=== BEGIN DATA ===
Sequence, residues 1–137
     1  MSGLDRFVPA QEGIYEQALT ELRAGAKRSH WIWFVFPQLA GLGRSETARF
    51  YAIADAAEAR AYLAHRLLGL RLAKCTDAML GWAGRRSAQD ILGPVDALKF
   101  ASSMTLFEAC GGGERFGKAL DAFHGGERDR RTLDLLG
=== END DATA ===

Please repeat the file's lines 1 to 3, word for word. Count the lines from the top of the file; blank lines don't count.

Sequence, residues 1–137
     1  MSGLDRFVPA QEGIYEQALT ELRAGAKRSH WIWFVFPQLA GLGRSETARF
    51  YAIADAAEAR AYLAHRLLGL RLAKCTDAML GWAGRRSAQD ILGPVDALKF